The IRS Won’t Wait Forever: Required Minimum Distributions

If you’re focused on FIRE (Financial Independence and Retiring Early), it’s easy to sweep topics like Required Minimum Distributions (RMDs) under the rug. Those don’t start until age 72! That’s decades from now!

But an early retiree is in a unique position to take advantage of decades of tax planning – which means we can hopefully minimize taxes over our ENTIRE LIFE, including the span when we’re forced to take RMDs.

But before we dive into how to minimize lifetime taxes that includes RMDs for an early retiree, we need a good understanding of what they are and how they work.

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How to Pay No Taxes on Social Security Income

In the previous post, I discussed how to compute the taxable amount of your social security income (SSI). Which is unfortunately a bit complicated, but we got it done.

The next step is to figure out how to pay no (or minimal) taxes on that taxable amount of your social security, which is vital for the Tax and Penalty Minimization (TPM) method described in the Withdrawing Money After FIRE post.

You’re probably thinking “uh… doesn’t the definition of taxable mean you’ll pay taxes on it?”

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FinCon 2022

Time for our second FinCon! Last year Mrs. EYFI and I were lucky to attend our first FinCon in our hometown Austin, TX. We enjoyed it so much that we decided to attend again this year, but this time we’ll be getting on an airplane and headed to Orlando, FL.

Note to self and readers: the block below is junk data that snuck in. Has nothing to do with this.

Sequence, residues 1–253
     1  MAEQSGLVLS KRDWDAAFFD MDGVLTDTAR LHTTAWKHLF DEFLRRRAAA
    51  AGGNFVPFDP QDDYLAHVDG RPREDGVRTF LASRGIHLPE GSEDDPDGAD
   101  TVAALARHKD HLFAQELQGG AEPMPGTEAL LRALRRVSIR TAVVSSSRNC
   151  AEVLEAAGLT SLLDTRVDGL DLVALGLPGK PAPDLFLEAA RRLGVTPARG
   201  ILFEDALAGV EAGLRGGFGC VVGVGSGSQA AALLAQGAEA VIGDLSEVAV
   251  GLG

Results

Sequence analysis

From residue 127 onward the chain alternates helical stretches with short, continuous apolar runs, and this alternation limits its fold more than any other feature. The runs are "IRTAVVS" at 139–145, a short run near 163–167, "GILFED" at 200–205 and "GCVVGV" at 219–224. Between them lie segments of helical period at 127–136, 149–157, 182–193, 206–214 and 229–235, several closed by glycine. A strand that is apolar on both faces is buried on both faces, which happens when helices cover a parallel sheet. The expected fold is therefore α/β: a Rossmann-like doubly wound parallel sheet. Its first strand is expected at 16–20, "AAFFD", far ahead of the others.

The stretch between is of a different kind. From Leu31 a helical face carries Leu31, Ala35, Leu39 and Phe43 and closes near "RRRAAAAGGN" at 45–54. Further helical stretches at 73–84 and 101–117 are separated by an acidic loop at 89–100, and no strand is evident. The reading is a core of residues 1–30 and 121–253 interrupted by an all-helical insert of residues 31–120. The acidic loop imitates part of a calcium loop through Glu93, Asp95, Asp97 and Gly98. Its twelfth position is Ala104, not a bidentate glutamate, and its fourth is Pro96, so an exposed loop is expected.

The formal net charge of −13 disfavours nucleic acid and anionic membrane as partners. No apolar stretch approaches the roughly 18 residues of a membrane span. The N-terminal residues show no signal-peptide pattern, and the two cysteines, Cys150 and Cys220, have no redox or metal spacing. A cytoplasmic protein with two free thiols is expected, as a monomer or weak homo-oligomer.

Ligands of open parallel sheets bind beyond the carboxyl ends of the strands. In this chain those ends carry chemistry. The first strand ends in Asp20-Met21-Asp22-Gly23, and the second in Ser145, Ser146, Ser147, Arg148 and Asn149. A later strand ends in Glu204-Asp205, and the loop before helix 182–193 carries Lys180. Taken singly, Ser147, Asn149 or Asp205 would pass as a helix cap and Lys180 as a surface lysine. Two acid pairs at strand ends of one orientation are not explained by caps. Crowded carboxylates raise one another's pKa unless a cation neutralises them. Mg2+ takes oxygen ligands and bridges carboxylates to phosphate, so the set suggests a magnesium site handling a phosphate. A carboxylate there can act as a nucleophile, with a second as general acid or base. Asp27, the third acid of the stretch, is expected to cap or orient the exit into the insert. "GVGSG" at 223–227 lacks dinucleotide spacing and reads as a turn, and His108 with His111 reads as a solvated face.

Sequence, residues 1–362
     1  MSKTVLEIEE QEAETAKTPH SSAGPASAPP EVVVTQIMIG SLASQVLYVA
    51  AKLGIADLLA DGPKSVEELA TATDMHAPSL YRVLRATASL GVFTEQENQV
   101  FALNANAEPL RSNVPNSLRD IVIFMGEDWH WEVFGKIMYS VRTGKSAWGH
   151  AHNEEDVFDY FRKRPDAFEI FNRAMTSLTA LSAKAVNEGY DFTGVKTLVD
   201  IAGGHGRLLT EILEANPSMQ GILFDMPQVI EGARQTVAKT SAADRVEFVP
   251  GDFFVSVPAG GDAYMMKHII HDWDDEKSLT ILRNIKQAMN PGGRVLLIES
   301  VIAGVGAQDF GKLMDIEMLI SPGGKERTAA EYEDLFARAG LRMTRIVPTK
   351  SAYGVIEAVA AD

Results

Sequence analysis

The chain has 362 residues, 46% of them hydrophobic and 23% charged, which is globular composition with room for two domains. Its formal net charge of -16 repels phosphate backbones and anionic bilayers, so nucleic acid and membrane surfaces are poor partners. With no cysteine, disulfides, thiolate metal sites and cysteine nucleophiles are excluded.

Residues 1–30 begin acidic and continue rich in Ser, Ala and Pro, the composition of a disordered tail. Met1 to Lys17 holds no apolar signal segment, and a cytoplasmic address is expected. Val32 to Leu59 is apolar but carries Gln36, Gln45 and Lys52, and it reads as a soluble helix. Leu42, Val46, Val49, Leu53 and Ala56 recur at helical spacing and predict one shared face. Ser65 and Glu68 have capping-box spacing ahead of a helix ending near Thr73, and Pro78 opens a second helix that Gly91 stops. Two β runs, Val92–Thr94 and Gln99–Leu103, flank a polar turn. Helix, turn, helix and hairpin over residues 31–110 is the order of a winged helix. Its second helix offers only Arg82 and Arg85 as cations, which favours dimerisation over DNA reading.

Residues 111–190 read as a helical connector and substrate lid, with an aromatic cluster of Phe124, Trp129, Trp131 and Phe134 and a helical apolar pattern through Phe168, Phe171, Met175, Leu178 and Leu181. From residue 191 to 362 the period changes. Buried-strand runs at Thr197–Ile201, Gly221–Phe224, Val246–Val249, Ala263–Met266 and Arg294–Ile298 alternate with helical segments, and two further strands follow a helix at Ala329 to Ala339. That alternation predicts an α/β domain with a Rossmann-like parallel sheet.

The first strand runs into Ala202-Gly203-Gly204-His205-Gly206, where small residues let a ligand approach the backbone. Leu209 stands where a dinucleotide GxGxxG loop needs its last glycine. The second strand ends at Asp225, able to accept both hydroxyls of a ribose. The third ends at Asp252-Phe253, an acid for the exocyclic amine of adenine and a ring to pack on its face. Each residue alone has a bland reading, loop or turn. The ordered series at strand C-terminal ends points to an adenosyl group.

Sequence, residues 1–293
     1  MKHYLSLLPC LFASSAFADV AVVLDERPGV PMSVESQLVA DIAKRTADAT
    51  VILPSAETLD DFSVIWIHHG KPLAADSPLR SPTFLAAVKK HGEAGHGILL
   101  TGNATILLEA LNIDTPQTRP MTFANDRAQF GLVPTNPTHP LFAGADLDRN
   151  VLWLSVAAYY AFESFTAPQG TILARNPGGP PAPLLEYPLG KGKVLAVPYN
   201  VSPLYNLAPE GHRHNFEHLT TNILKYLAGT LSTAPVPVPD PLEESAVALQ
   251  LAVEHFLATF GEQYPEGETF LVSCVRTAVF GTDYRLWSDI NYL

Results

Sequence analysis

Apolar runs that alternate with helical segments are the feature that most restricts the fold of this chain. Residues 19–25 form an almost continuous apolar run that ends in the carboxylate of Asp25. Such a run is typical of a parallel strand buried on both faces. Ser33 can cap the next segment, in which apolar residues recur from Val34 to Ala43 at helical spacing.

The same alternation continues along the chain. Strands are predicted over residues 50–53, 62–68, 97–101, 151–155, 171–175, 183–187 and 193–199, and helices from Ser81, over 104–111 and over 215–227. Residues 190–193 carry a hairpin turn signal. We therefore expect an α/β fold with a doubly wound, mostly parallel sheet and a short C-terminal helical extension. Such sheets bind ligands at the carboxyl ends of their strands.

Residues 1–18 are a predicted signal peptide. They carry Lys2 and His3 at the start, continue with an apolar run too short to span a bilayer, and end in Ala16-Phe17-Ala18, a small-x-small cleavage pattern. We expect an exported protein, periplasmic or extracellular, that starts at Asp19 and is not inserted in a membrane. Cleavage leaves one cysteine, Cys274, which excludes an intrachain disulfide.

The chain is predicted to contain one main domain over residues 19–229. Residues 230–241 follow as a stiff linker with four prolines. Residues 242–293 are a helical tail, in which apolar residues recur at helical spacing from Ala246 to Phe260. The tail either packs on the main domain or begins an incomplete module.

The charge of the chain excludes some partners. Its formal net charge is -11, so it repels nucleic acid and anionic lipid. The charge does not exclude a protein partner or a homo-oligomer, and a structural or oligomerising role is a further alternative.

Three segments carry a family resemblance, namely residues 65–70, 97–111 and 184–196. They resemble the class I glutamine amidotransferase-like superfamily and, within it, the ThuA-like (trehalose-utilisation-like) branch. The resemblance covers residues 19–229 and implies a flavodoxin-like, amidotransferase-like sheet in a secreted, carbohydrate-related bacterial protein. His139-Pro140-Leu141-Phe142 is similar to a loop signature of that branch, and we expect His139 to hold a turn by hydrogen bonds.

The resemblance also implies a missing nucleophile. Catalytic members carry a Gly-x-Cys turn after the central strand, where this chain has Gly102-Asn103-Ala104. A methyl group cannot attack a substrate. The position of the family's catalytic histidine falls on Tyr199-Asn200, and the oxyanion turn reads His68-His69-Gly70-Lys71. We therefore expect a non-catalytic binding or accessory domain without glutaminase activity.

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Withdrawing Money After FIRE

At one point in our journey to Financial Independence (FI), I thought to myself, “How are we going to withdraw from all these different accounts we have? Especially once we’re FIRE, versus just FI (and still working). Is there some kind of best order? How much will taxes affect things?” 

I pretty quickly found a lot of info online, but I was far from convinced that any of the methods I found were really optimal. Especially since we have some less common asset classes, like a 457(b) account

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Time to FI, Starting Below $0

We’ve previously discussed how long it takes to get to Financial Independence (FI) starting with a net worth of $0, and starting with more than $0. But what if you have a NEGATIVE net worth? In other words, what if you have significant debt (e.g. credit card debt or student loans)?

First off, unless you took on student loans to obtain a degree that will power a high paying career, you need to recognize that YOUR HAIR IS ON FIRE! Action must be taken immediately!

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Time to FI, Starting Above $0

In the last article, I described how the time it takes to achieve Financial Independence is based on three factors: 1. Your savings rate (by far the most important factor), 2. the assumed investment ROI (usually something conservative like 5% to 7%), and 3. the withdrawal rate assumed (usually around 3.5 to 4%).

BUT, I used a big assumption: starting with $0.

But really, nobody has a net worth of exactly $0.00 (well, I’m sure there might be a handful of exceptions at any one time on a planet of 7.9 Billion).

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